Let’s now look into some simple use cases. Have fun!

Use Case 1: get configuration via Netmiko

Let’s start with something fairly basic. We’ll get an overview of all the interfaces on our device through NetPalm. According to the API documentaton we need to call the getconfig method. In this use case, I’m using the netmiko variant, in later use cases we will experiment with other tools like NAPALM and ncclient. In case Netmiko is rather new to you, have a look at this blog post.


You’ll notice we get back a task_id in the response. We can use this id to query the task API (see here). As a result, you will see that we get back an overview of all the interfaces on our IOS XE device.


Use Case 2: get configuration via NAPALM

As mentioned above, one of the nice things about NetPalm is that it provides the same API regardless of the underlying tool it uses to retrieve (or set) the configuration. In what follows, we will do exactly the same as what we did in use case 1 above but instead of Netmiko, we’ll use NAPALM. In case NAPALM is rather new to you, have a look at this and this blog post.

You will see the only change we have made is in the JSON body of the getconfig request. We changed the library from ‘netmiko’ to ‘napalm’. In case you would want to explore the API further, this particular API is documented here. One small note here is to pay attention when you are specifying an SSH port. The syntax in NAPALM to set a port is a little different from how it’s done in Netmiko.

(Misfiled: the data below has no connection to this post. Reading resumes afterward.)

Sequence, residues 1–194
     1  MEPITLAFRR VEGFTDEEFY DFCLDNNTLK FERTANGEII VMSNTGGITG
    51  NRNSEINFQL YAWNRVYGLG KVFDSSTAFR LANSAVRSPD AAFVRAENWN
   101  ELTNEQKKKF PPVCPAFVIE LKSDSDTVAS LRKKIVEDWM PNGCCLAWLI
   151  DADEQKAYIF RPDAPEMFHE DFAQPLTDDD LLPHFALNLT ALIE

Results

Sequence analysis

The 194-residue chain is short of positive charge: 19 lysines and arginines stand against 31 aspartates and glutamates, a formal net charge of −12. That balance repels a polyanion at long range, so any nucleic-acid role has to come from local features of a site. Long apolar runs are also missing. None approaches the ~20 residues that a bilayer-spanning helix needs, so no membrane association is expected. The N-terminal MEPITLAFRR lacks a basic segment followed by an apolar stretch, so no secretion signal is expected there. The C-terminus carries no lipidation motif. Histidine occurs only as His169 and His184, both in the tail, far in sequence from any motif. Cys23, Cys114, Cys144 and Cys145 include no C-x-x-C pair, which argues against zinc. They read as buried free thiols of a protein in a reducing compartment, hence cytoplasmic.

Next, we’ll query the task API (via the ID that was returned in the previous call) to retrieve the list of interfaces.


Here you can clearly witness the strength of a tool like NetPalm. Using the same API getconfig we can use different tools (depending on our needs) to retrieve some information.

Use Case 3: get configuration via ncclient

Let’s do something similar but with ncclient now. In case ncclient is rather new to you, have a look at this and this blog post.

Let’s call the getconfig API (documented here). netpalm

Pay particular attention to the JSON body of the request. You’ll see we are using the ncclient library in this example. You also notice we can specify a filter. For this example, I have been using the following filter as I’m only interested to receive information about interface ‘GigabitEthernet1’.

  <interfaces xmlns='urn:ietf:params:xml:ns:yang:ietf-interfaces'>

Query again the task API and you will get back the interface configuration through ncclient.


Here you can see again that we have retrieved an overview of all the network interfaces on our XE device.

Use Case 4: get configuration via RESTCONF

I imagine you start to get the big picture here…Yet another way to receive configurations from our device is through RESTCONF. We added this example, more for completeness than anything else. If you want to learn more about RESTCONF, check out this and this post on the topic.

Let’s call the getconfig API (documented here. Note that we are using the RESTCONF URL /restconf/data/ietf-interfaces:interfaces to retrieve the interfaces on this device.


Query again the task API and you will get back the interface configuration through RESTCONF.


Above use case all focused on retrieving information via NetPalm.

In a next blog post, we’ll dive deeper into changing and deleting information through NetPalm. Stay tuned!